What motivates a person to get involved in social work? While the simple answer may be an innate desire to help others, for many, that desire may stem from personal experience; and for many others it could be the determination to change the world.
Whatever the reason, being a change agent isn’t easy, and sparking a conversation or doing selfless service can often go unnoticed and unappreciated in the hustle and bustle of life and everyday challenges.
today in SocialStoryWe bring you the stories of five social entrepreneurs trying to create change in their own way and add meaning to the lives of others.
Coming from a middle-class family, the idea of starting something of her own did not gain much ground in Anushka Jain’s family. However, she was determined to harness technology to solve the problem of second-hand household items that were no longer in use, so that they could reach someone in need and not end up in landfills.
Anushka, then working with Accenture, realized that the gap was between donors and NGOs, mainly due to lack of infrastructure in NGOs, time, or insufficient communication.
To fill this gap and learn where and how materials were used, he began Share at the doorstep (SADS) in 2015, a service that arrives directly at your door to collect goods in good condition and facilitates their donation to an NGO or charity.
The SADS journey began with just a few volunteers and two partner NGOs in Bangalore. Today, SADS operates in 11 major cities. In addition, it has partnered with more than 120 NGOs, more than 100 companies and has half a million users throughout the country.
Dr Manju Vasudevan
Environmentalist Dr. Manju Vasudevan has been working tirelessly with members of indigenous communities, especially near the Chalakudy and Karuvannur river basins in Kerala.
He realized that there was an ongoing question about how create livelihood opportunities based on the knowledge and wisdom of the indigenous tribes.
In collaboration with the Kadar, Malayar and Muthuvar tribes, Manju and his team established forest post in early 2017. Forest Post is a network of collectors of minor forest products and manufacturers of handmade products such as beeswax, oils, bamboo baskets and cloth bags.
The group recently won the Outlook for Conservation Sustainable Leadership Award.
Nilay Agarwal, 29, an ontologist by profession, always wanted to do something shocking. From modest backgrounds, she worked to succeed in her career before starting an NGO. However, the unexpected death of her friend made him rethink and not wait to do the things that she really wanted to do.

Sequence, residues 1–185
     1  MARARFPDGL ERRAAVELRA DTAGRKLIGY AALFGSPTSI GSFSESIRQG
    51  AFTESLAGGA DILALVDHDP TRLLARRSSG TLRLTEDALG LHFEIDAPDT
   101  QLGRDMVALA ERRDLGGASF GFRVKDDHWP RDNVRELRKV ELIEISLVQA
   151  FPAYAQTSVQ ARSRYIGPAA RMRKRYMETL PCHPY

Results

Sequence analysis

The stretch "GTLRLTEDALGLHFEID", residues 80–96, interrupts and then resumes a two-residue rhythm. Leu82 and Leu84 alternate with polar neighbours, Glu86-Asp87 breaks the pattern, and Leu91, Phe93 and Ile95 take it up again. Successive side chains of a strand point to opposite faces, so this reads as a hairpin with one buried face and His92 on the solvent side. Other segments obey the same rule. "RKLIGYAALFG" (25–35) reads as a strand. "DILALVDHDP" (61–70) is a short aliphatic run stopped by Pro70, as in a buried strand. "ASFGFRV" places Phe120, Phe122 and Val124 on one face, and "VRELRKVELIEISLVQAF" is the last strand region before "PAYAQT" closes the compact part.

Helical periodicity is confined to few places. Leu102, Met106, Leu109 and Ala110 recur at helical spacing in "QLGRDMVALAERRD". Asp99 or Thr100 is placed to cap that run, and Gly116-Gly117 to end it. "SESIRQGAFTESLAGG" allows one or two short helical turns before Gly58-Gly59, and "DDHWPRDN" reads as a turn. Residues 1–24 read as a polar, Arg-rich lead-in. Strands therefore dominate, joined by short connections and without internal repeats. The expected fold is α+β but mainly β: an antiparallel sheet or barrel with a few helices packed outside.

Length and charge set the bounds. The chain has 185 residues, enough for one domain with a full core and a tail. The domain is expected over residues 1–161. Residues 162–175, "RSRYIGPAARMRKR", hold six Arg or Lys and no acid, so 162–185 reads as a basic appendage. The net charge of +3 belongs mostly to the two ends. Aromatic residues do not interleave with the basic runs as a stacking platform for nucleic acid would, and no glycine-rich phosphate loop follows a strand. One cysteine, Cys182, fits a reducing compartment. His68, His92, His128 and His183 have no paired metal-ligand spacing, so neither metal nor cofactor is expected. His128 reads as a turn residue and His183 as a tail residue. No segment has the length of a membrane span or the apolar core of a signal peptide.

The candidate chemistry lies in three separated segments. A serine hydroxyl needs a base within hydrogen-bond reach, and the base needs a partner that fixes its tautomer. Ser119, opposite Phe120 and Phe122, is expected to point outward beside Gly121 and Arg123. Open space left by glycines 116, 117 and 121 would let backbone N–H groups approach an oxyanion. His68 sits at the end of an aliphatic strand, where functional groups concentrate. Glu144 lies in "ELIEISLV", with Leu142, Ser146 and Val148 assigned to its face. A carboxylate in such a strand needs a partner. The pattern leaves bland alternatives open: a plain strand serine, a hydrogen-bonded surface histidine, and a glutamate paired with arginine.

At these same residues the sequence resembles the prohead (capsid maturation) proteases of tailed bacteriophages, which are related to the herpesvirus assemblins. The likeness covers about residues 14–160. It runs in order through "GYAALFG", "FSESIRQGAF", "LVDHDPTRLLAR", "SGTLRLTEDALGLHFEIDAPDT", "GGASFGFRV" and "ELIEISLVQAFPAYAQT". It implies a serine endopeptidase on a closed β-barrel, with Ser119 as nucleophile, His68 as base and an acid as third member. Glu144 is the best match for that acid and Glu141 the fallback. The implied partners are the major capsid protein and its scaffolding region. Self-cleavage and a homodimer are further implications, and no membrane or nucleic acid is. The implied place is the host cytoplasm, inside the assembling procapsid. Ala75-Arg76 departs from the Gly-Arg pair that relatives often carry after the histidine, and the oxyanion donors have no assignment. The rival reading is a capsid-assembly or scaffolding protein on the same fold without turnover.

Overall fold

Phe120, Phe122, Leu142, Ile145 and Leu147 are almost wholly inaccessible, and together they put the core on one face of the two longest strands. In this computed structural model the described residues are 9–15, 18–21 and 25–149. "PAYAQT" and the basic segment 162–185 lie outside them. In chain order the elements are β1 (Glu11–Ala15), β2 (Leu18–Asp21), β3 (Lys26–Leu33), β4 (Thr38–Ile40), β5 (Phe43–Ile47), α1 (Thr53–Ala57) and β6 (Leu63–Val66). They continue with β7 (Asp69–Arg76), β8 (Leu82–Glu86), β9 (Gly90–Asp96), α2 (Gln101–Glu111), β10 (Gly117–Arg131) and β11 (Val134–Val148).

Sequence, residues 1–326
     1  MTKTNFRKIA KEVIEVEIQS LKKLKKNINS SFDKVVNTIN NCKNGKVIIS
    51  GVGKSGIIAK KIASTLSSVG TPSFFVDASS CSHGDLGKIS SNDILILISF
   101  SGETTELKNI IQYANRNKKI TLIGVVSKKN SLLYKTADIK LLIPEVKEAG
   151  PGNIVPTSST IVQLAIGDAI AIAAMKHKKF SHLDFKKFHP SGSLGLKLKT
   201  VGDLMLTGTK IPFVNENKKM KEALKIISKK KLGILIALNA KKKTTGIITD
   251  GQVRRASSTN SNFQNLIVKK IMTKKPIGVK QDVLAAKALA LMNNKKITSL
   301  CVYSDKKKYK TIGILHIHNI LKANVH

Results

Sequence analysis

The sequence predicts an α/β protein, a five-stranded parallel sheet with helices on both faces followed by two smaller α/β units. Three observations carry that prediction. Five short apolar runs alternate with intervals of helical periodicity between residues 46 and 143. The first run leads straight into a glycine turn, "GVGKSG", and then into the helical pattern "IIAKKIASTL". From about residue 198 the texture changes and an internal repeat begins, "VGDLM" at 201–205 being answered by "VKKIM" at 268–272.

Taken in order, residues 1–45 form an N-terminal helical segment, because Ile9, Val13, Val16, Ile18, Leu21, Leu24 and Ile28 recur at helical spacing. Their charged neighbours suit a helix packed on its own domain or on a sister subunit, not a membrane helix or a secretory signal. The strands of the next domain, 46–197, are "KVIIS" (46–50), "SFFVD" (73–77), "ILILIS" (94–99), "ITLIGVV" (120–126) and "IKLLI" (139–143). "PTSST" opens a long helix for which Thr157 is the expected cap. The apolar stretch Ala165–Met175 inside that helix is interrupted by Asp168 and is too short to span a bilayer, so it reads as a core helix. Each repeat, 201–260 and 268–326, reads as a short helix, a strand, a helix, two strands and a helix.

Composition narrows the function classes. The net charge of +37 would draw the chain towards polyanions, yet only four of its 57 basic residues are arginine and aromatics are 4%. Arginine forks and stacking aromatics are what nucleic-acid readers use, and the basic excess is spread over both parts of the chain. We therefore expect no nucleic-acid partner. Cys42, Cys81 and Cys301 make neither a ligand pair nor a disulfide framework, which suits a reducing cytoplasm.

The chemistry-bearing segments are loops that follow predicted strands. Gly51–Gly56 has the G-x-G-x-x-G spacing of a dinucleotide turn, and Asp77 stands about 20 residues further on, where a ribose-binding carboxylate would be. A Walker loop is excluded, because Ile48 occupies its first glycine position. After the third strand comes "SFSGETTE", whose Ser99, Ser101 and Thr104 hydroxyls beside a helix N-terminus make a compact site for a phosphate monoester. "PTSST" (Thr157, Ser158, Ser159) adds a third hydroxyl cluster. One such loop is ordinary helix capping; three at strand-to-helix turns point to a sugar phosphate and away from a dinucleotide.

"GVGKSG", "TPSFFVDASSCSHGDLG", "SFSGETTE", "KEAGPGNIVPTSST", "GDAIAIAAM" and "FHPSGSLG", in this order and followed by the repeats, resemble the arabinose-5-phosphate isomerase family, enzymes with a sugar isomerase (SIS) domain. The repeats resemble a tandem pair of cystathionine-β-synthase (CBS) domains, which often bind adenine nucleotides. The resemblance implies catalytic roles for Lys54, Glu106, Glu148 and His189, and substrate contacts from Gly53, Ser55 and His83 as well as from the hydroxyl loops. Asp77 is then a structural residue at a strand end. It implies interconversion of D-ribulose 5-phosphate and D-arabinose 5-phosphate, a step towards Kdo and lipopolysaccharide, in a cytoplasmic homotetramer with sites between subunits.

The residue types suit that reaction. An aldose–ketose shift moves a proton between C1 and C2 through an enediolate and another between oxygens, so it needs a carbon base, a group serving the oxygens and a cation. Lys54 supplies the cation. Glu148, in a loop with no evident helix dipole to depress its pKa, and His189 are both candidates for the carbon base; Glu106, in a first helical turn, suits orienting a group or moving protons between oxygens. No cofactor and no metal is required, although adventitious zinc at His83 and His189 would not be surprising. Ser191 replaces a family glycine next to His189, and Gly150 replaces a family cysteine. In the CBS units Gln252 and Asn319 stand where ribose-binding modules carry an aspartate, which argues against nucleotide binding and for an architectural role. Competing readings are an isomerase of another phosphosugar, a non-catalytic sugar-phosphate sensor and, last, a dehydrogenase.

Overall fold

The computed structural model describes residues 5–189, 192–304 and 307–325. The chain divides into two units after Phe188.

Thus, in 2019, he decided to undertake Vishalakshi Foundation in Lucknow, named after his deceased friend. He began by collaborating with a local NGO to deliver food to people.
In the last two years, his foundation has been able to feed more than six lakh people, about 500 people per day, in 11 cities (Delhi, Lucknow, Gurugram, Noida, Ranchi, Mumbai, Jaipur, Amroha, Fatehpur, Banda and Prayagraj ) with the help of more than 3,000 young volunteers in these cities.
Natasha Mudhar believes that there is much to be achieved under the UN Sustainable Development Goals (SDG). In 2015, UN member states adopted the Sustainable Development Goals outlining 17 goals, including reducing poverty and hunger, good health and well-being, quality education, and gender equality, among others. . The same year, Natasha was nominated by filmmaker and SDG advocate Richard Curtis, who was responsible for films like Love Really and Bridget Jones’s Diary, to popularize it in India.
With a 15-year deadline to achieve the SDGs (2015-2030), Natasha took it upon herself to break down the SDG targets into family chats and become part of people’s everyday routine, translating into bigger changes.
He had been doing it as part of Sterling Global, a global business and communications consulting firm founded by his mother in the UK. Since 2018, the work has been carried out through London-based The World We Want, a separate entity focused solely on accelerating the SDGs by working with business leaders, NGOs, governments, celebrities and influencers, and philanthropists. to organize global movements.
Leverages the concept of storytelling, global collaboration, strategic communications, and positive action to turn awareness of issues into action.
Dr. Geetanjali Chopra
When the young Geetanjali Chopra visited the orphanages together with her grandfather, she did not know that she would find her calling to serve them in the future.
Geetanjali with the children
she established wishes and blessingsan NGO, in 2014 as a platform that connects donors with beneficiaries, spreading happiness and making dreams come true.
According to Geetanjali, the philosophy behind the company is simple: Many of us have unfulfilled desires. While some of us are more blessed and can help others fulfill their wishes, we receive their blessings in return. Hence the name, ‘Wishes and Blessings’.